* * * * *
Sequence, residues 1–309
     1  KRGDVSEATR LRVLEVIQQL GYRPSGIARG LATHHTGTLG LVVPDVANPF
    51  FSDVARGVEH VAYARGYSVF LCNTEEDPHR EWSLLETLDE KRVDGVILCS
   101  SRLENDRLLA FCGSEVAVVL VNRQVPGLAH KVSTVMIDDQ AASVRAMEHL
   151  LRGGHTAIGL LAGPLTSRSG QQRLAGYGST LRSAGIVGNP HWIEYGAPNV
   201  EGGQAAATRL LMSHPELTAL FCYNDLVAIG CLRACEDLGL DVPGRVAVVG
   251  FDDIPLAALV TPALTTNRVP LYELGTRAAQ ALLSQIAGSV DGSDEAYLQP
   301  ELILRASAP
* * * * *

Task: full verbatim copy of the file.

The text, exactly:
Sequence, residues 1–309
     1  KRGDVSEATR LRVLEVIQQL GYRPSGIARG LATHHTGTLG LVVPDVANPF
    51  FSDVARGVEH VAYARGYSVF LCNTEEDPHR EWSLLETLDE KRVDGVILCS
   101  SRLENDRLLA FCGSEVAVVL VNRQVPGLAH KVSTVMIDDQ AASVRAMEHL
   151  LRGGHTAIGL LAGPLTSRSG QQRLAGYGST LRSAGIVGNP HWIEYGAPNV
   201  EGGQAAATRL LMSHPELTAL FCYNDLVAIG CLRACEDLGL DVPGRVAVVG
   251  FDDIPLAALV TPALTTNRVP LYELGTRAAQ ALLSQIAGSV DGSDEAYLQP
   301  ELILRASAP